One more warning, testing, is still done wrong. It’s possible that full tests do pass but full restore still fails. This is the ultimate trap, I were talking about. Which undermines confidence and creates very dangerous false trust for users until the very end. I’ve seen this situation also, that’s why I do always full restore, not full test. Test is unfortunately dangerously misleading.
But back to this specific case I’m now talking about. I guess the problem might be that there’s for some reason left over i file. When the database is available, the file is ignored, but while rebuilding database it probably causes the badly written logic to fail.
Remote file referenced as duplicati-b745030a03fa640d29f2daa1849cf0f2e.dblock.zip.aes by duplicati-i59a736b5d13d47d0b91cdfdfa1ddf8cb.dindex.zip.aes, but not found in list, registering a missing remote file.
This file should get deleted, because it’s not probably even necessary and the restore process should ignore it and it shouldn’t cause it to fail.
Also about testing process, testing backup when the local database is present is also stupid, because it’s not available when you’re doing disaster recovery. These are very bad and inherent flaws in the current “solution”. It seems that the bad reliability is absolutely worst part, but let’s get the problems get fixed. Yet these are obvious and logical problems which should get fixed without reports. If the backup works transactionally and correctly, there shouldn’t be there problems ever and if there is, automatic recovery should occure. - I think I’ve written exactly same around year ago or so.
Luckily this isn’t backup set in terabytes, so it’s relatively viable to run all the tests over 10 gigabit network.
Found 1 missing volumes; attempting to replace blocks from existing volumes
Here’s fresh retested and confirmed results:
Full Restore: FAIL - Code 100, unable to recover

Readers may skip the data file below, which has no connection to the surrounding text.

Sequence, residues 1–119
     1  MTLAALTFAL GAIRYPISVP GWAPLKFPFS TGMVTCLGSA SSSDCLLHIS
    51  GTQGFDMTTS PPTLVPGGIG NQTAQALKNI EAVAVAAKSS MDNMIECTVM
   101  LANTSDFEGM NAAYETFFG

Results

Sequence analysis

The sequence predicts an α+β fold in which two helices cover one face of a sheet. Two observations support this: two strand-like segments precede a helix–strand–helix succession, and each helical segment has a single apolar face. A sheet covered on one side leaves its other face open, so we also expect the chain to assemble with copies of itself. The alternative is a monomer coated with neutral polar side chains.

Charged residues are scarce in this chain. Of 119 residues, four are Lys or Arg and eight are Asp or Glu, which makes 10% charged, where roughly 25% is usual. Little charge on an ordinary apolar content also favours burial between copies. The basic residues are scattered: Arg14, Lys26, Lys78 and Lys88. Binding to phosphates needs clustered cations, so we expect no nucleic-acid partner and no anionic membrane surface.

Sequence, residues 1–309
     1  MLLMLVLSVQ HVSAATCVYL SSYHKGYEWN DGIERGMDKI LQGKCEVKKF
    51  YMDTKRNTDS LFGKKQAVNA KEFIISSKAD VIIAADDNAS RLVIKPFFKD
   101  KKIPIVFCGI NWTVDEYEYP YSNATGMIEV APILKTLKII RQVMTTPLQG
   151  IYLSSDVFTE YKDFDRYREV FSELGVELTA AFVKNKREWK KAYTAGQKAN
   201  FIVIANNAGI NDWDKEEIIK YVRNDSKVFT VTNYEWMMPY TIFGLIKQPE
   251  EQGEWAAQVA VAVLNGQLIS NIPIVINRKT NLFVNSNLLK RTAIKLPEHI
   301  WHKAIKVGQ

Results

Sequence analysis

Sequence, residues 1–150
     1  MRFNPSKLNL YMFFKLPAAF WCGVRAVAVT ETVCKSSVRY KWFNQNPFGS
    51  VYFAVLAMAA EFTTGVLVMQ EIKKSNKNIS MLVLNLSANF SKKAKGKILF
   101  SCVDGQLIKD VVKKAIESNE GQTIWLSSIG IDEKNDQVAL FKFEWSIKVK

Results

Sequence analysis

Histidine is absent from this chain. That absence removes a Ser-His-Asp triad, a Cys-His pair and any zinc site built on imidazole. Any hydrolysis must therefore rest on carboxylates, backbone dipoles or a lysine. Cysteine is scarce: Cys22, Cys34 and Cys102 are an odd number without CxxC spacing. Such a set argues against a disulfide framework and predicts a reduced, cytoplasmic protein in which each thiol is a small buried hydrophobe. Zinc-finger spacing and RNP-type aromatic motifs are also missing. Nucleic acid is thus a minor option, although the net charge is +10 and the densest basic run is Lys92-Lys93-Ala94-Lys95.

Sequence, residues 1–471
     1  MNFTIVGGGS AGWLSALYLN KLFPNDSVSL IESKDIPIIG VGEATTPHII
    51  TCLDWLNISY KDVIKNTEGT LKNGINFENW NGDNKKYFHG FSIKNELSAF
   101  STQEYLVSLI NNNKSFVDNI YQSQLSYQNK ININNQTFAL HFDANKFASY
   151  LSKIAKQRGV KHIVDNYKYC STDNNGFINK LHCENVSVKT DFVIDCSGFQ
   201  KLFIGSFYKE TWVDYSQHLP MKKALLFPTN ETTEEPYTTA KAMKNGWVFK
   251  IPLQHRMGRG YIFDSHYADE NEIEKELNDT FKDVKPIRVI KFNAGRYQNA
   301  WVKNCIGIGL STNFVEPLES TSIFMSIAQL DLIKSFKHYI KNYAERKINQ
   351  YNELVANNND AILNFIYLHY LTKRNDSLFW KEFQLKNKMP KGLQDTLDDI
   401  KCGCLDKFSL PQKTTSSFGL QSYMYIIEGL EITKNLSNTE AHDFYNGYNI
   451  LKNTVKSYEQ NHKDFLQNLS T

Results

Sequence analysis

Full Test: OK - 0
List-Broken-Files: OK - 0
Purge-Broken-Files: OK - 0
Repair: OK - 0
Full Restore (again after all checks and tests): FAIL - Code 100, unable to recover
This is perfect example of ‘trap’ product, which wastes your time and resources, and doesn’t provide any value when actually needed. That’s why this kind of critical flaws shouldn’t exists by design.
About version I’m restoring in this case, always the latest version, which makes sense in case of DR restoration. That’s also the reason why if such problem is detected, the potentially missing blocks should be automatically and instantly replaced (when running next backup) because the required data is still available on the sources system.
As mentioned, I’m just TESTING, I’ve got all the data I need and no actual need to restore. So this isn’t actually major problem for me. But as programmer, data administrator, it manager and guy who greatly cares about data integrity and system reliability, I find these problems absolutely devastating.
- I remember that compression program, which gave great compression results in all tests. It worked really great, it was fast, and gave incredible compression ratios. Under the cover it just referenced the source files. As soon as the user deleted the source files, extracting the archive failed leading to data loss. - Funny stuff.
Edit and continued: test was run with “all” and --full-remote-verification=true even adding --no-local-db=true doesn’t change anything, still passes. --no-local-blocks=true, still passes.
Which option removes excess files from destination folder? I think I’ve seen discussion about this, but I couldn’t find the parameter quickly. I’m also strong advocate of software which goes and “poops” around, leaving junk everywhere. If something isn’t necessary, it should get deleted.